The Campaign of 1814: Chapter Six Part VIII
By: Maurice Weil
THE CAMPAIGN of 1814
(after the Imperial and Royal War Archives at Vienna)
CAVALRY OF THE ALLIED ARMIES
DURING THE CAMPAIGN OF 1814.
BRIENNE and LA ROTHIÈRE (26 January. --3 February).
2 February. --First movements of the Allies at 8 o'clock in the morning. --On
the side of the Allies, they had kept absolutely quiet all night and it was
the only with the day that they prepared to execute the orders contained in
the general dispositions given by Schwarzenberg before the battle. It
was at the time the Allied sovereigns, accompanied by the Generalissimo and
leaving from Bar-sur-Aube, where they had spent the night, arrived just after
sunrise on the battlefield, that their outposts reported the retirement of
the French army.
There was thus an unprecedented negligence, allowing the vanquished to escape,
gaining several hours advance ahead of a victor who had yet to deploy many
troops which did not take part in the yesterday's affair. The measures
themselves taken to find traces of the enemy seem, indeed, to justify the
view expressed by Clausewitz. Was it because the victory made them
presumptuous, because they believed the campaign finally had ended and the
road to Paris was opened with a single battle? Is it in the realm of
politics that we should seek the causes of this singular way of operating? It
is nonetheless clear that the rulers and Allied generals thought fit to deprive
Blücher and the Army of Silesia from participation in the prosecution
and were content to move against Brienne the IIIrd, IVth and
Vth Corps of the great Army of Bohemia: the first, from Dienville by
the right bank of the Aube; the other two, around Petit-Mesnil and Chaumesnil
where they had spent the night, instructing them to inquire about the direction
followed by enemy in retreat.
March of the IIIrd Corps on Brienne. --Movement of the cavalry
of IVth and Vth Corps. --Gyulay himself acknowledges
in his brief report on the role of his corps at the Battle of La Rothière
"could not, because of terrible weather, pursue the enemy during the
night of the 1st to 2nd, that it was content to establish a few
small cavalry posts on both sides of the Aube." It arrived a little after
8 o'clock in the morning before Brienne-la-Vieille, still occupied by a small
French rear guard who, after an engagement of short duration, fell back on
Brienne-le-Château, followed by the advance guard brigade of the Fresnel
At 8 o'clock in the morning, the Crown Prince of Württemberg, placed himself
personally at the head of his cavalry, and left La Giberie and Petit-Mesnil,
connected on his right hand with the cavalry of the Vth Corps, and followed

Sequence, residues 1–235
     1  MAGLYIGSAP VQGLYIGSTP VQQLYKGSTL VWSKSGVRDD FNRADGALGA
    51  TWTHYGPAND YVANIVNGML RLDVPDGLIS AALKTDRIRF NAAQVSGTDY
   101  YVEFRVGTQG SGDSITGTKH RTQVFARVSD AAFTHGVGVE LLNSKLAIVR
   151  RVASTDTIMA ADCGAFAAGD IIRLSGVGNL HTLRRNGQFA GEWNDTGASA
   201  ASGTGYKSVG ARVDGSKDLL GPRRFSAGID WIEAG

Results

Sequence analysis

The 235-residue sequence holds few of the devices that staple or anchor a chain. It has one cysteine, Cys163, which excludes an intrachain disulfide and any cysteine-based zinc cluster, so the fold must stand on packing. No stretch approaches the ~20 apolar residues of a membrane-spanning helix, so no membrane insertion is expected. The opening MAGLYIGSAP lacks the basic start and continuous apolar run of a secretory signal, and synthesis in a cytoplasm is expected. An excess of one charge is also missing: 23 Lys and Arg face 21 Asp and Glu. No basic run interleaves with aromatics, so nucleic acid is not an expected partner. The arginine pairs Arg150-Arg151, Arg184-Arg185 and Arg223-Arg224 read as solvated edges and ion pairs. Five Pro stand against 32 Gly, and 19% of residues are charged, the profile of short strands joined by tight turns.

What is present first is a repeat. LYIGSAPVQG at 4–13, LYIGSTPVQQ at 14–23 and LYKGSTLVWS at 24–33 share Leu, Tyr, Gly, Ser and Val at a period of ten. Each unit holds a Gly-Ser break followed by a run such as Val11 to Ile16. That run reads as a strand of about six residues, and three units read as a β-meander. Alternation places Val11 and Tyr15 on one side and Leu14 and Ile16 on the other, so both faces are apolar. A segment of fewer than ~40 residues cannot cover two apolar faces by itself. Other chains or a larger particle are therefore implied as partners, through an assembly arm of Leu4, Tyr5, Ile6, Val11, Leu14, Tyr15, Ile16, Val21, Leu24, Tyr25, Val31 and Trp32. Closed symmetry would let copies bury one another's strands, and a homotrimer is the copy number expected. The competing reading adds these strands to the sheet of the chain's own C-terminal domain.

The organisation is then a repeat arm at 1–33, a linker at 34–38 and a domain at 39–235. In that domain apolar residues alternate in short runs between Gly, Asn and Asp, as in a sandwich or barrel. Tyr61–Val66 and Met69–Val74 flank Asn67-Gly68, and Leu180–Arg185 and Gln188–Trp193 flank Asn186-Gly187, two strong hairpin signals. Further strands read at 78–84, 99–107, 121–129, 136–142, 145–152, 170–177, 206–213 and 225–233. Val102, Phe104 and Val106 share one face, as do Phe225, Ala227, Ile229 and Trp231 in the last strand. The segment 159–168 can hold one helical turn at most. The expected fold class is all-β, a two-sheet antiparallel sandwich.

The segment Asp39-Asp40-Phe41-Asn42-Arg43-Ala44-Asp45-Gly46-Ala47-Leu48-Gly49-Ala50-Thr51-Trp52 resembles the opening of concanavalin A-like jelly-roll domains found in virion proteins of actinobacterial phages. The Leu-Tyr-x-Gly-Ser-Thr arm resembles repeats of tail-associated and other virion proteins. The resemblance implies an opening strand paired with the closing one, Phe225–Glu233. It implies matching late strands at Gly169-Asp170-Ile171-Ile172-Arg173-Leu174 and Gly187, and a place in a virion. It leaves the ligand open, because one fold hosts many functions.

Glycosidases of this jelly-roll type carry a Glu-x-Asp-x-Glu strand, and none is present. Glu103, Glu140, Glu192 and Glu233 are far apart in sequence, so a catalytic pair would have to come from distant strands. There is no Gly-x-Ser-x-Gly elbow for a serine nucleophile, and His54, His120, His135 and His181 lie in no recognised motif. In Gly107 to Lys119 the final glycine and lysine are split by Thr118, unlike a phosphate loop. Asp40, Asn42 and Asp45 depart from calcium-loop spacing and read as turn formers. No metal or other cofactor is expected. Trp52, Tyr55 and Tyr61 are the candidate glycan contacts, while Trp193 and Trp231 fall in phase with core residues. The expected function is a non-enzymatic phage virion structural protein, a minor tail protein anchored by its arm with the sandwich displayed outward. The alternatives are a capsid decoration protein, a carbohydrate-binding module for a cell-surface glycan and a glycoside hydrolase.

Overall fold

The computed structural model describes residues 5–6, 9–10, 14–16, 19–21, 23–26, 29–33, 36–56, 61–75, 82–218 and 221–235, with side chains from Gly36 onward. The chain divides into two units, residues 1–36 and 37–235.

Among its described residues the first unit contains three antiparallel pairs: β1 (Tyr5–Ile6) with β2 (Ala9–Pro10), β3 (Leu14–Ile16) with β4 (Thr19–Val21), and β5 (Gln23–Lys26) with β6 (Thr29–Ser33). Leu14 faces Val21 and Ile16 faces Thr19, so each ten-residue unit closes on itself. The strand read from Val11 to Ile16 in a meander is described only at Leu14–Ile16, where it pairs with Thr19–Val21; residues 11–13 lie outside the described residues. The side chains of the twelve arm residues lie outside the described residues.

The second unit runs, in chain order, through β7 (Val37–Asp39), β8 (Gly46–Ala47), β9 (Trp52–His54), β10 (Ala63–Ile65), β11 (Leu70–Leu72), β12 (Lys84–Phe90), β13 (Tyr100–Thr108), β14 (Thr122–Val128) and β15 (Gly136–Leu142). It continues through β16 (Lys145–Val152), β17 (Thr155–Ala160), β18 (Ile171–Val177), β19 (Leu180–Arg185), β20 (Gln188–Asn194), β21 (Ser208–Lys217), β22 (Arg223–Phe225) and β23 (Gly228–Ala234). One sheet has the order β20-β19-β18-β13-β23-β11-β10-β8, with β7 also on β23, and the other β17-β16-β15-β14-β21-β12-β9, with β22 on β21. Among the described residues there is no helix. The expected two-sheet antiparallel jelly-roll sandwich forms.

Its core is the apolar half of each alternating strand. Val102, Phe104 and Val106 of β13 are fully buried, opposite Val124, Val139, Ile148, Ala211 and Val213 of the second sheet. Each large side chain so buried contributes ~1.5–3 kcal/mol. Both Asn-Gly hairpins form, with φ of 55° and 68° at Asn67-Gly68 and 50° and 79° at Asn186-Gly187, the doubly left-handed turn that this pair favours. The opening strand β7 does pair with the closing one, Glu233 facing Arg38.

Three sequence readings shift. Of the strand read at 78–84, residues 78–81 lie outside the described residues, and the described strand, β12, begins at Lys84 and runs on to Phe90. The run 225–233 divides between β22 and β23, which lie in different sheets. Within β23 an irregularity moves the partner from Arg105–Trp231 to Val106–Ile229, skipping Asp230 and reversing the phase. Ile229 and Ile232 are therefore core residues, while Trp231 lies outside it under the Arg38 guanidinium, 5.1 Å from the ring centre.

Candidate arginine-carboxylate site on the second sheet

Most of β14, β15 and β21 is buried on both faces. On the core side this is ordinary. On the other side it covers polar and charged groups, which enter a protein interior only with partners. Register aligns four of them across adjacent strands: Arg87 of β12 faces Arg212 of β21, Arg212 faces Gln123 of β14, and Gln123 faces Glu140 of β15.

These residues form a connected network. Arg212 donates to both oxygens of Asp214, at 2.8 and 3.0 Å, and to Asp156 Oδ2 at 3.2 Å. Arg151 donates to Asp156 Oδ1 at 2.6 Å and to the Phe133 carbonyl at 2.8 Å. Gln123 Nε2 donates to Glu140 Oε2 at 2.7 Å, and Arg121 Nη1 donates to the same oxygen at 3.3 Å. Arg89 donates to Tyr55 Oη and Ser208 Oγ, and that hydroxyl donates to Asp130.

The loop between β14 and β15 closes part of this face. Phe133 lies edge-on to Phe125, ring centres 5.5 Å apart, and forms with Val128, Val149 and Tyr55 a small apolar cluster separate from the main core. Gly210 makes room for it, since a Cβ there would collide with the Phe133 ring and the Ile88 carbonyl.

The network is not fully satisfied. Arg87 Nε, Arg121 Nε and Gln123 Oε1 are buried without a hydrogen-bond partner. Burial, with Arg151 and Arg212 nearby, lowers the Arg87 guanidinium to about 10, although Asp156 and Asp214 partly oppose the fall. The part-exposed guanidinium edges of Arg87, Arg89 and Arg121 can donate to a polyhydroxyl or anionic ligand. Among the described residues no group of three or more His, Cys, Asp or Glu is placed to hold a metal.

the French rear guard in the direction of Brienne. The infantry of the
two corps began its motion at the same time, marching in several columns in the
same direction as the cavalry, while Frimont debouched from Chaumesnil with the
troops of the division of Antoine Hardegg that manned the outposts during the
The advanced guard of the Vth Corps came against some French parties a short
distance from Brienne-la-Vieille, as would the IIIrd Corps entering the
village that it had attacked by the road Dienville.
"The outposts having informed me of the retreat of the enemy," writes
Frimont to Wrede from Brienne 3 February,
"I moved all my cavalry forward followed by my infantry formed into
three columns. I encountered the enemy at Brienne. His horse
was standing alone in the plain; his infantry was already in the defiles
and the enemy's left rested on the village of Perthes. My cavalry was
quickly moved forward, but it failed to reach the enemy that withdrew without
waiting for my attack."
The French troops, having noticed the deployment of three Allied corps had indeed
gone back on the road of Lesmont in a line from Brienne-le-Château to Perthes-en-Rothière. Milhaud's
cavalry, whose right was protected by infantry posted in the defiles and whose
left rested on the village of Perthes, covering the movement.
The IIIrd Corps had from Brienne-la-Vieille continued its march to Brienne
and was able to take the city and the castle after a brisk engagement with the
French rearguard. The artillery of the Austro-Bavarian advanced guard and
two horse batteries of the IVth Corps had effectively supported the movement
of Gyulay's troops, which was done under the very eyes of the Generalissimo. Schwarzenberg,
if we believe the Austrian documents, resolved at that time to follow with the
IIIrd and IVth Corps the last French troops in retreat on Lesmont
while Wrede with the Vth Corps, taking the rightmost headed for the Voire
March of the Vth Corps towards the Voire. --Combat of Rosnay.
--According to the historian of Wrede, however, and especially after the
journal of Prince Taxis, the movement of the Vth Corps against Rosnay
was not ordered by Schwarzenberg. "The commander of the Vth Corps
had sent," as well expressed in this regard by Taxis, "on the 1st of
February in the evening one of his officers to the Generalissimo and the
officer returned from Bar-sur-Aube without bringing orders."
No sooner had Wrede passed through Brienne that he pointed his right on the
march of a French column moving along the Voire, to Rosnay. Fearing
for his right and also hoping to arrive before the enemy at the bridges of
the Voire, Wrede left the Crown Prince of Württemberg free to pursue